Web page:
Gillian Welch and David Rawlings at Ascend Amphitheater – AmericanaFest 2015
After milling around on Broadway for a bit, among the throngs of Saturday night drunks, tourists, buskers, and screaming bachelorette parties, we made our way to the Ascend Amphitheater for AmericanaFest. Due to a misprinted schedule, we missed Steve Earle, but we caught him back in June at Kate Wolf Festival, so we couldn’t complain. Loretta Lynn was really a charming show. Elegant performance, top-notch band, predictably slick Nashville production. She did the hits. She wore a floor length gold sequinned dress and said it was so heavy she had to do a few songs sitting down. Her voice is still so strong, she just radiates authentic authority and a powerful grace that epitomizes the reasons why Country music exists at all.
Now, I have seen Gillian Welch and David Rawlings about six times, including their first big tour, back in the mid 90’s. If you’ve ever spent time with them you know that they are some of the most humbly masterful, down-to-earth performers alive today. The songs are killer, the singing is gorgeous, and if you didn’t realize it, David Rawlings is as dazzling a guitar-slinger as Eddie Van Halen, Jerry Garcia, Tony Rice or Nels Cline. This was the best performance I’ve seen them do. They walked out in matching white Nudie suits, Welch saying they’d gone home to change about three songs into Loretta’s set, realizing she was going to be a hard act to follow.
But oh yeah, they did. It was indeed a righteous show. They did a few songs off The Harrow & the Harvest, a few from Soul Journey, some from Time (the Revelator), a Dave Rawlings Machine tune and “Caleb Myer” from Hell Among the Yearlings. They encored with a lovely arrangement of “Hey Mister Tambourine Man” (this year is the 50th anniversary of Dylan’s electrified performance at Newport) that gave me ecstatic chills and wet my eyes for the second time in their set. They are always a treat to watch: such beautiful, weird, alien-like, scrawny beings (especially in the Nudie suits). Welch did some hamboning — she said before the song that she hoped there were no professional hamboners in the audience — and clogged a fine rhythmic figure while David played banjo and harmonica on one tune. Hearing these two people make such big music on two instruments, with two voices, after an eight-piece band was testament to the transcendent, transformative aspect of music: in truth, the power of song resides in small, potent things.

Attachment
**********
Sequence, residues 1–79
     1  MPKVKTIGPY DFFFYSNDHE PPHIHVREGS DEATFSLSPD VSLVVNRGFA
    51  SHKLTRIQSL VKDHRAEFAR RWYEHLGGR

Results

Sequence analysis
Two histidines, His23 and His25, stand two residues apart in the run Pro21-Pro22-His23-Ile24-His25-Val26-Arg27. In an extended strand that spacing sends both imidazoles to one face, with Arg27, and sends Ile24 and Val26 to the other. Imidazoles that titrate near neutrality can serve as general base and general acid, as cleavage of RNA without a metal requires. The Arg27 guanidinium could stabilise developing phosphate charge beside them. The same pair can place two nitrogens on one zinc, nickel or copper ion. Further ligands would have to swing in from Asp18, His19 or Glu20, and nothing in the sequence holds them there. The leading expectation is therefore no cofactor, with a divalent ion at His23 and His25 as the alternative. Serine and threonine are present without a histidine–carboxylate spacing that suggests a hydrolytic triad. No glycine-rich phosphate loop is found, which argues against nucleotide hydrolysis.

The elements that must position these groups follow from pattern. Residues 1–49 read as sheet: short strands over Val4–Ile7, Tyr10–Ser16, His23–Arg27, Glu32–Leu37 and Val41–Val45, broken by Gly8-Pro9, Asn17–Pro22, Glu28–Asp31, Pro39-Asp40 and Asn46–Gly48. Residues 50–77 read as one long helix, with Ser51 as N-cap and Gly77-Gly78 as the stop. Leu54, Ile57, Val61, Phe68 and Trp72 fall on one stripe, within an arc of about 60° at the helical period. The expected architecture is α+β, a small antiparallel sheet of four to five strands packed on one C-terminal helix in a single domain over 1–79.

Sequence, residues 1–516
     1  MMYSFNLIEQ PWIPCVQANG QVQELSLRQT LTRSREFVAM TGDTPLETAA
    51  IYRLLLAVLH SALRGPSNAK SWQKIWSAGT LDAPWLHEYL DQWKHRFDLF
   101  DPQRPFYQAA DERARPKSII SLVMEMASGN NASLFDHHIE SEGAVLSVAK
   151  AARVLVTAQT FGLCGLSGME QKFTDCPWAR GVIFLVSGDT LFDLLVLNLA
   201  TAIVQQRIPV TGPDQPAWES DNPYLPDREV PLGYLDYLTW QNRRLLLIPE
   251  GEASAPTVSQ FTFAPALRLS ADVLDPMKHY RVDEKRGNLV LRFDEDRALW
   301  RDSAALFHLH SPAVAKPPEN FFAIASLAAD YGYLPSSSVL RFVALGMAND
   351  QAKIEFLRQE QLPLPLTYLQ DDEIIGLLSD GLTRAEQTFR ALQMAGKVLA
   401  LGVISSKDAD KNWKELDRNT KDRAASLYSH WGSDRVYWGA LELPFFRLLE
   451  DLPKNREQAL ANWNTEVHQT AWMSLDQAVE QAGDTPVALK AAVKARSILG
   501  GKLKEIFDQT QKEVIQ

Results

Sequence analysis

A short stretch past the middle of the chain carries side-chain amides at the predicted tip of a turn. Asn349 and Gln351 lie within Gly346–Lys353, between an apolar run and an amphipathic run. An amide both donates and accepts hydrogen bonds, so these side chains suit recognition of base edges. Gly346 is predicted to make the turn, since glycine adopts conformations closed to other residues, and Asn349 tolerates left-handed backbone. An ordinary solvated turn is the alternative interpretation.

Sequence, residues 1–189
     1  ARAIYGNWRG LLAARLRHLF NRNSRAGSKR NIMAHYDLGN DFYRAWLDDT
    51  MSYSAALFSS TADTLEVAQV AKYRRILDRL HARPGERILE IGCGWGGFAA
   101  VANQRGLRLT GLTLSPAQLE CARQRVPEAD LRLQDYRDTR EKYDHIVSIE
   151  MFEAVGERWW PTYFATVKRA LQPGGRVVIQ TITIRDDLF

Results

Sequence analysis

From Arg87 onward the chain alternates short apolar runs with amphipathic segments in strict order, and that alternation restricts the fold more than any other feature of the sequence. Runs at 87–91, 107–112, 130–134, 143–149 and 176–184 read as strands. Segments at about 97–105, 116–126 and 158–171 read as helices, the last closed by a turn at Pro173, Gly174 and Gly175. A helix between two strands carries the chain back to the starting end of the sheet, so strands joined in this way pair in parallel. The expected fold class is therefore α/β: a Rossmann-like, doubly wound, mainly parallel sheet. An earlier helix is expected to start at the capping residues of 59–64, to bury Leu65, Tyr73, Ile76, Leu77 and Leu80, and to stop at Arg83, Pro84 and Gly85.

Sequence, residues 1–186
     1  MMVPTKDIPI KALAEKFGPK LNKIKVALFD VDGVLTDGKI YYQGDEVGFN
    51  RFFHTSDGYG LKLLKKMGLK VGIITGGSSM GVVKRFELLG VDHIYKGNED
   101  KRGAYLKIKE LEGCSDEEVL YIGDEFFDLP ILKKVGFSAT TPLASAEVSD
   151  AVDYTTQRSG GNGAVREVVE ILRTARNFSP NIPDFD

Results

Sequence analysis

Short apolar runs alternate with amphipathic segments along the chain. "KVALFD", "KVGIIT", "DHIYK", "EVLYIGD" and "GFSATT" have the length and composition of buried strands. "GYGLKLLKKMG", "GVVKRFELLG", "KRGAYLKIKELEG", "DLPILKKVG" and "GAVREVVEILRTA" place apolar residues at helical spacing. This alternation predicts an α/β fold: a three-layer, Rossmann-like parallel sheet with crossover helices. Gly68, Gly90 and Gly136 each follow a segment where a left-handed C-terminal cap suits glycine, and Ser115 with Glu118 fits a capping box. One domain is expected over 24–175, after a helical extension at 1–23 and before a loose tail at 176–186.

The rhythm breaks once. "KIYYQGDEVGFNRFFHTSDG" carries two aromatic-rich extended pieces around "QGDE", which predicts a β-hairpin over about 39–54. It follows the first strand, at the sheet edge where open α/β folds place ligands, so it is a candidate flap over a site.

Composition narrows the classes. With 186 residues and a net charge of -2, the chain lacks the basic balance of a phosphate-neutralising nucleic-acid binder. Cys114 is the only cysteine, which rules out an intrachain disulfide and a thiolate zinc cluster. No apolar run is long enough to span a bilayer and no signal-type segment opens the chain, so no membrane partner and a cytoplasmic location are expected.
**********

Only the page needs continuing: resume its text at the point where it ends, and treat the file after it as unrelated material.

Their harmonies weave in and out of each other like twin spirits caught in a waterfall, and they play guitars together as if each were on the other’s instrument – their intuitive connection and kung fu-like fluidity make their voices and instruments sound like a singular thing. While Welch holds down solid, earthy rhythm parts on a honey-toned Gibson J-50 or plunks out clawhammer banjo riffs, Rawlings plays fiery leads that always manage to hit all the right clanging tritones and tease dissonance but ultimately display a masterful sense of harmony. At certain points, he hits notes that do not seem to exist. He is somehow able to pull off ascending and descending scales at once. It has been said he looks at times like the little ’35 Epiphone Olympic is possessing him – he writhes and tilts sideways as he wrings out crazy runs and flurries, punctuating his parts with stunning percussiveness. Certainly the guitar’s spirit had him tonight. Several times — including a long outro for “Time (the Revelator)” — Rawlings’ avant garde approach to post-bluegrass picking took turns worthy of Mark Ribot, then veered into harmonic territory so strange and bewildering, we thought he was about to make a mistake, then suddenly almost channeling Ornette Coleman, until it all swung back into the ordinary universe of plain old virtuoso picking and suddenly made sense.
The duo won a lifetime achievement award earlier this week at the Americana Music Awards, and this performance shows how they earned it. They have excavated ruins of ancient musics, honestly borrowed from the heart and soul of rural Americana and put their compositions together with delicacy and grace that is as inspiring as it is deeply cathartic. Their willingness to take what could be simple country folk songs into strange improvisational territory sets them apart from most artists they might appear, at a glance, to resemble. For artists who aren’t yet 50, the idea of a lifetime of achievement suggests interstellar possibilities as they continue to work their craft. Gillian deadpanned that David was considering taking up shuffleboard and that she would pursue ceramics. Their last encore brought everyone to their feet, and we all sang along to “I’ll Fly Away”. In the end, we were a cappella together, and with polyphonic harmonies going, the crowd of several hundred who stuck around sounded, surprisingly, quite good. That’s what happens when masterful players lead an audience to special places.
photo by Amos Perrine